There is a pleasure in the pathless woods,
There is a rapture on the lonely shore,
There is society, where none intrudes,
By the deep sea, and music in its roar:
I love not man the less, but Nature more.
~George Gordon, Lord Byron, Childe Harold’s Pilgrimage
Growing up, my parents were always dragging my brother and I along on numerous hikes and camping and sailing trips; the Pacific Northwest is perfect for this. But as children can be prone to do, we would constantly complain about tired feet and ugh this is so boooring. And so, unfortunately, these little trips slowly dwindled as we grew up.
However, an appreciation for the outdoors always remained–particularly for forests and oceans. My first volunteer position was at the Seattle Aquarium–spending hours hanging around the octopus and cuttlefish. Originally wanting to pursue marine biology, sensitivity to seasickness led me to stick to land. However, this doesn’t prevent me from jumping into practically every body of water encountered–no matter how cold.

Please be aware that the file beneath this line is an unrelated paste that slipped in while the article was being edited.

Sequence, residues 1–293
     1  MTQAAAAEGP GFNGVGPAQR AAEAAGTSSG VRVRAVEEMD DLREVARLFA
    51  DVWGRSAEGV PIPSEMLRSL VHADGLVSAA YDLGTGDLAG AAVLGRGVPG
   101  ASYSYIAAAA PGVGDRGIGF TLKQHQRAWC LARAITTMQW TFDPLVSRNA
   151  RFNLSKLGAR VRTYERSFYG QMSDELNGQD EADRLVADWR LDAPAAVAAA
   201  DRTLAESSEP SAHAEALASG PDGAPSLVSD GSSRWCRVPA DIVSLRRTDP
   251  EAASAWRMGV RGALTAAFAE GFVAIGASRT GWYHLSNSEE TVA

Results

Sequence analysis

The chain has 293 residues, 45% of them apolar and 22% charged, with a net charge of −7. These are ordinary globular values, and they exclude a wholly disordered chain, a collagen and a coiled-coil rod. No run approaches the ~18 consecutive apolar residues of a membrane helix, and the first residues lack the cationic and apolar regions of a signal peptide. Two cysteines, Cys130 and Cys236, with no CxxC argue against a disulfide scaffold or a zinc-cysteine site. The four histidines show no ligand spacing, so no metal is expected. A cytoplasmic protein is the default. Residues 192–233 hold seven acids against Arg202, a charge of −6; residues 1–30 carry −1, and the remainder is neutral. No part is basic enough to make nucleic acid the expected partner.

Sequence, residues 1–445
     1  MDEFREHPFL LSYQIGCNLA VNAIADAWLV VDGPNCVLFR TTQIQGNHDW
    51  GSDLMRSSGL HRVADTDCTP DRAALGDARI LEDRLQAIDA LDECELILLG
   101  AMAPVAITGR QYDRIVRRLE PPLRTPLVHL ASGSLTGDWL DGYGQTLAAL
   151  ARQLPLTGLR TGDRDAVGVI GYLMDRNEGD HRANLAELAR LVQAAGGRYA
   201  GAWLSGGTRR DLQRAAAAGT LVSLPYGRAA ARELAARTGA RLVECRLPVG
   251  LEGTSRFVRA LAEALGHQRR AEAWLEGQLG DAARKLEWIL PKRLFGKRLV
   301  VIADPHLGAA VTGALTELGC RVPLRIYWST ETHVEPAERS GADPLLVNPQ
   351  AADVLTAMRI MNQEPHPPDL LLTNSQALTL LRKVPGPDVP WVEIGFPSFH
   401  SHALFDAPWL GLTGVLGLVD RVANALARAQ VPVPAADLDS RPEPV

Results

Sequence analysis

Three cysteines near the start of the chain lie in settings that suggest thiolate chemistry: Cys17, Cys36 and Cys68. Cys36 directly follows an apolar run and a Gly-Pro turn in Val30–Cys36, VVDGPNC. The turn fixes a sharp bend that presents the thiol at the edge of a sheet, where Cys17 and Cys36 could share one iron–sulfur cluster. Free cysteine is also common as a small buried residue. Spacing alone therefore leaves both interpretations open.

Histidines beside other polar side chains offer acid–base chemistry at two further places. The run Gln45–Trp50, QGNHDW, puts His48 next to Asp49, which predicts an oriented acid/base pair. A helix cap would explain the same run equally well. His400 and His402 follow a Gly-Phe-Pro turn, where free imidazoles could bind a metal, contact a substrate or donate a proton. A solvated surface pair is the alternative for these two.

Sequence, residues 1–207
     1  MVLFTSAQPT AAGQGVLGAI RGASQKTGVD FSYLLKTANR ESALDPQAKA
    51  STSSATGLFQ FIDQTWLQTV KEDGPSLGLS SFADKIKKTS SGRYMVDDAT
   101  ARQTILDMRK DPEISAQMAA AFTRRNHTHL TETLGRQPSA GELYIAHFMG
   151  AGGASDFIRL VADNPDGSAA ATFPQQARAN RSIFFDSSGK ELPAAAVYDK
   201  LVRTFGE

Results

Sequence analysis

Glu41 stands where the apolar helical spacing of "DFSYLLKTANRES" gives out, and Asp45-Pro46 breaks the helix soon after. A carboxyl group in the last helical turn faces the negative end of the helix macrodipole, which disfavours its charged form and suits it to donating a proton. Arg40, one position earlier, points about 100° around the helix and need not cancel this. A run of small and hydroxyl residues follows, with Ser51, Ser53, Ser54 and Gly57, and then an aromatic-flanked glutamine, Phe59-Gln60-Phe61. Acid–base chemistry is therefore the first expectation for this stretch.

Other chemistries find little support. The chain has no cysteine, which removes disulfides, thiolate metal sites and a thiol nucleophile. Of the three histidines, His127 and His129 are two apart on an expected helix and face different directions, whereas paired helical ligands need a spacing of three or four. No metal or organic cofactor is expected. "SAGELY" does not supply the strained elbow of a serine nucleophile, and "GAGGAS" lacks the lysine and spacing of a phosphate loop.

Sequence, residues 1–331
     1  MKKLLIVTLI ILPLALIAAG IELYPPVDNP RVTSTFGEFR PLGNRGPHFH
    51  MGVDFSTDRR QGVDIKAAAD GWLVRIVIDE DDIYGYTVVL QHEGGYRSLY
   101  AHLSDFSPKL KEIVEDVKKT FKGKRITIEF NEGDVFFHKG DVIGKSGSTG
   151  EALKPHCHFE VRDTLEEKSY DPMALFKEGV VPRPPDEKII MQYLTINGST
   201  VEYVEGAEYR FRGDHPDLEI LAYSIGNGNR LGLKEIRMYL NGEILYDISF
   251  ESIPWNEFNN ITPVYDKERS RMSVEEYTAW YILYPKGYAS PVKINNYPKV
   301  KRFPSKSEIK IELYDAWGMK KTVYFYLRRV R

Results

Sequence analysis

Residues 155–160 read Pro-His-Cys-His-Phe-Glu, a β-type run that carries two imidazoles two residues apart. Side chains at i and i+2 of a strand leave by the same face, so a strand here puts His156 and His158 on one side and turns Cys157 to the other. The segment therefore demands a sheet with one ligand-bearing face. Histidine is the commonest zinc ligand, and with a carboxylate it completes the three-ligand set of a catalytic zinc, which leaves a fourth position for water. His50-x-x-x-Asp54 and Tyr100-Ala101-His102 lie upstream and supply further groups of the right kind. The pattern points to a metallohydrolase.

After graduating in August 2009 from the University of Washington (Seattle), I was hit with wanderlust. The director at the primate lab where I was a research student overheard talk of field work and so lent me Robert Sapolsky’s A Primate’s Memoir to read while my supervisor sent me to Primate Info Net. Finally a chance to combine some of my favorite things: science, travel and the great outdoors!
After several failed attempts due to lack of field experience, a PhD student finally agreed to let me come out to Lajuma Research Centre to work on phenology.
This blog was then started to document experiences with people and animals while living abroad. While initially, my hope one day would be to study something on every continent–I want to know how things Work and what they Are. Now, in addition, I would love to work with local communities in terms of conservation, education and disease prevention. It’s also perfect for being outside, tramping around and getting dirty. There’s so much beauty out there–why be trapped INSIDE?
However, as the daughter of Chinese immigrants, my parents weren’t exactly thrilled with the idea of a life spent lumbering through the forest after animals. But they eventually changed their minds (after realizing how stubborn I can be) and even came to visit!
I am extremely thankful for them instilling a sense of awe for life outside the city and their continued support for a non-traditional path as I slowly make my way from here to there, studying one organism at a time.